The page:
In a decision published earlier this month, the U.S. Court of Appeals for the Eighth Circuit concluded that a disabled plaintiff has the ability to file a complaint under the federal Fair Housing Act (FHA) against a property management company when management allegedly declined to accept a disability benefits check as an acceptable source of income from the applicants.
The case involved a mother with a disabled adult daughter. The pair submitted an application to rent a unit using disability payments as income. The management company’s income guidelines, however, required pay stubs, an offer letter, or tax returns to verify income. The applicants could not meet that test as their income consisted solely of a disability check, social security, retirement benefits, and some rental income. As the parties engaged in the interactive process, the leasing office suggested it would accept a co-signer who was income qualified. The renters attempted to provide proof of their sources of income. When the parties could not come to an agreement, the plaintiffs sued.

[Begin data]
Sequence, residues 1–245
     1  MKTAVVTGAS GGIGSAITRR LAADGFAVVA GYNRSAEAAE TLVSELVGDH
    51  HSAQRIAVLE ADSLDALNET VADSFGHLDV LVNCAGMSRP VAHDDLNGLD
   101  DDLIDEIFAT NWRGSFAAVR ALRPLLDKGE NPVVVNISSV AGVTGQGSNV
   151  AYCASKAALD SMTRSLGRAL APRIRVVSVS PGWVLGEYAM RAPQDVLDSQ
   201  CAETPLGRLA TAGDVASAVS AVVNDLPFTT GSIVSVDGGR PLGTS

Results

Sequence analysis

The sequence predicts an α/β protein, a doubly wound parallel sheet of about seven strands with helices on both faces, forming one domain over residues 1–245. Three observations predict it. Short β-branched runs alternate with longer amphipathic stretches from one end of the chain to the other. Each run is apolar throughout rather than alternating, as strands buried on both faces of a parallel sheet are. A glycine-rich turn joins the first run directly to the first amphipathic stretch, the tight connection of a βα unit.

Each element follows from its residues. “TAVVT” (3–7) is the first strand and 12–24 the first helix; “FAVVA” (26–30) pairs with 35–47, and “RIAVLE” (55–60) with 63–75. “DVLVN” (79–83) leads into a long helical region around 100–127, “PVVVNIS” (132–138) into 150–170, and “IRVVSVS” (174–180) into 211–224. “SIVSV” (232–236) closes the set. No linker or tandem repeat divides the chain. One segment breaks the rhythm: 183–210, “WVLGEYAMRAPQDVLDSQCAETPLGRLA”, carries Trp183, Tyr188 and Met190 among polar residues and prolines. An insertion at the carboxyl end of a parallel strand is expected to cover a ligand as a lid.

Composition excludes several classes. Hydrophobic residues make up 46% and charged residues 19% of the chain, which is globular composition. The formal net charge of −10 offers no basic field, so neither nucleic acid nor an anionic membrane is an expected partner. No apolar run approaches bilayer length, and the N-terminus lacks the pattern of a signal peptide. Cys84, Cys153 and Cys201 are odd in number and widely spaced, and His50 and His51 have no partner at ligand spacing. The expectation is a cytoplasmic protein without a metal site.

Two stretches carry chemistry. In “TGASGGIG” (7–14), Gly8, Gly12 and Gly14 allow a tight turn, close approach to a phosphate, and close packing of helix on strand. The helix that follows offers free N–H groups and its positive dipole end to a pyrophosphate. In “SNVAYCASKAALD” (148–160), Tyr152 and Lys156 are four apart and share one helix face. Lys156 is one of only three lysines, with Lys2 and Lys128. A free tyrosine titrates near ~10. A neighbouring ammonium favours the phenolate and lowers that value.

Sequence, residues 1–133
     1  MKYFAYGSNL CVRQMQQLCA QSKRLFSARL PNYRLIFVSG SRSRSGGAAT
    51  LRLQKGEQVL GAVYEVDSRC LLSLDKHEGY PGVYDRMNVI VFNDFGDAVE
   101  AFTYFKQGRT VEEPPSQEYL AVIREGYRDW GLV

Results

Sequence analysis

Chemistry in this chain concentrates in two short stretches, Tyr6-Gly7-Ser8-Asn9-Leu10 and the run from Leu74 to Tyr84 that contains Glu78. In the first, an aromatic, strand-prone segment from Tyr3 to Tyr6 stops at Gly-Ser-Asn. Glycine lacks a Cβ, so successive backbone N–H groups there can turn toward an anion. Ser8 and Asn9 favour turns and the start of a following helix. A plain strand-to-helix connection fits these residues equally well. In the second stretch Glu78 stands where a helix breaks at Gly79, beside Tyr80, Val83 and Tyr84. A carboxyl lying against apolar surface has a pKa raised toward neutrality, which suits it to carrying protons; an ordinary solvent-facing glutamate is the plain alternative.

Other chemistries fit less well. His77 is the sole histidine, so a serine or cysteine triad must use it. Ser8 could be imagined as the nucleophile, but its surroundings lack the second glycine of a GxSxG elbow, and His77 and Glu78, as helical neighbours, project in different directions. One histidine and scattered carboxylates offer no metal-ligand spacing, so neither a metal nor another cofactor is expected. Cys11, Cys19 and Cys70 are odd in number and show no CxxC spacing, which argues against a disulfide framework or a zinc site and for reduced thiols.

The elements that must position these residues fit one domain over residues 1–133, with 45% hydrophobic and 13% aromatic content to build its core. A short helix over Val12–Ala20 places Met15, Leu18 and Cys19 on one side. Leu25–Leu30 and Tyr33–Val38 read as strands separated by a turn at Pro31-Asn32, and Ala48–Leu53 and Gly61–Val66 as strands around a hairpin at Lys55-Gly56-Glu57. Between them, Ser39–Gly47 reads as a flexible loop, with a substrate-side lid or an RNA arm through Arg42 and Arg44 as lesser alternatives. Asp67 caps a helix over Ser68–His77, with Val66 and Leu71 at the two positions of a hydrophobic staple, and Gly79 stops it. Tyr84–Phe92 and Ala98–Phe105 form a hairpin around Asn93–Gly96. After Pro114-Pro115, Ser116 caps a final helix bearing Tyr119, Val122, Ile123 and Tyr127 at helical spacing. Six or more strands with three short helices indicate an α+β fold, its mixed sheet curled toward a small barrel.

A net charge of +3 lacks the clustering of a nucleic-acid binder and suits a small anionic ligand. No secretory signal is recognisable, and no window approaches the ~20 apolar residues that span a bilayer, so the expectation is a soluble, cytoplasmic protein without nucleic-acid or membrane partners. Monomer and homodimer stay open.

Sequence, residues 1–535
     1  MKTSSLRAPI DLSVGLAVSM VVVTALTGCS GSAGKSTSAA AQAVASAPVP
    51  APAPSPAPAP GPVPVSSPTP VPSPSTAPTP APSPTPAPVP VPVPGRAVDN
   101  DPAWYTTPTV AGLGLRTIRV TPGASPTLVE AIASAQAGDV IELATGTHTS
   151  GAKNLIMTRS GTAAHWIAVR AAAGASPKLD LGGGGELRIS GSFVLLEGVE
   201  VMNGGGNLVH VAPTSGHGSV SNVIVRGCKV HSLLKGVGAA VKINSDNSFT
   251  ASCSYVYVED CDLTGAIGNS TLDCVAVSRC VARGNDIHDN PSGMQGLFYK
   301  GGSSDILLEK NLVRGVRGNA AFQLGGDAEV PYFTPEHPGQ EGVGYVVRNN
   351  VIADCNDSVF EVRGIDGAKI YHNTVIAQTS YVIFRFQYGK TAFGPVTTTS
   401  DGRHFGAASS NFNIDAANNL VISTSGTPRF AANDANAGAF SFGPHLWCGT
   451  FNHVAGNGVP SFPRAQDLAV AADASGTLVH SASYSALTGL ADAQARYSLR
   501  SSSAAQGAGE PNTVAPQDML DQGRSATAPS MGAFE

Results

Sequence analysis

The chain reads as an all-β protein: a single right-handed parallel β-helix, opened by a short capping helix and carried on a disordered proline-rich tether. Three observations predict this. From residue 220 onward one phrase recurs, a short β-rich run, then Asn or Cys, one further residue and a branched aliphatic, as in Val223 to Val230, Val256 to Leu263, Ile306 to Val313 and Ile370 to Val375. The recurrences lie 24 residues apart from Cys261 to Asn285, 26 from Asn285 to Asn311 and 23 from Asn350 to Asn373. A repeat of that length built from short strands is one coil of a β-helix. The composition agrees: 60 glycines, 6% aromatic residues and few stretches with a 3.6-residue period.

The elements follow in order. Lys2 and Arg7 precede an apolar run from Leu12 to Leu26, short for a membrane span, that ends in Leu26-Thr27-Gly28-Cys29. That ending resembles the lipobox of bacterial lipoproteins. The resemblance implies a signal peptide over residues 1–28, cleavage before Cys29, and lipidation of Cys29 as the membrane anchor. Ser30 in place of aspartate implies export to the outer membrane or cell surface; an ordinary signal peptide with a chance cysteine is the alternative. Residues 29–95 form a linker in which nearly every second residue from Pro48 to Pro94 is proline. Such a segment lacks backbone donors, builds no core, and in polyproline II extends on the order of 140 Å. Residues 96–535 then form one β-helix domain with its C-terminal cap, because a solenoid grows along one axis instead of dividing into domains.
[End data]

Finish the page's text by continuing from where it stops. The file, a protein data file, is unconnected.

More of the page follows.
The district court dismissed the complaint, holding that a reasonable accommodation was unnecessary because the defendants offered a solution which the plaintiffs refused. The appellate panel, however, reversed that decision, finding that a reasonable accommodation was indeed necessary because the offered alternative was not a substitute for a “level playing field in housing for the disabled” and that the co-signer option put forward by the defendant instituted “an additional burden on the disabled applicant.”
So, should professional apartment management have income qualification guidelines for your units? Absolutely. Along with a credit and criminal background screening policy, it is a best practice. But, as this court opinion holds, disability payments should be included as an appropriate source of income when running an application.
Just A Thought.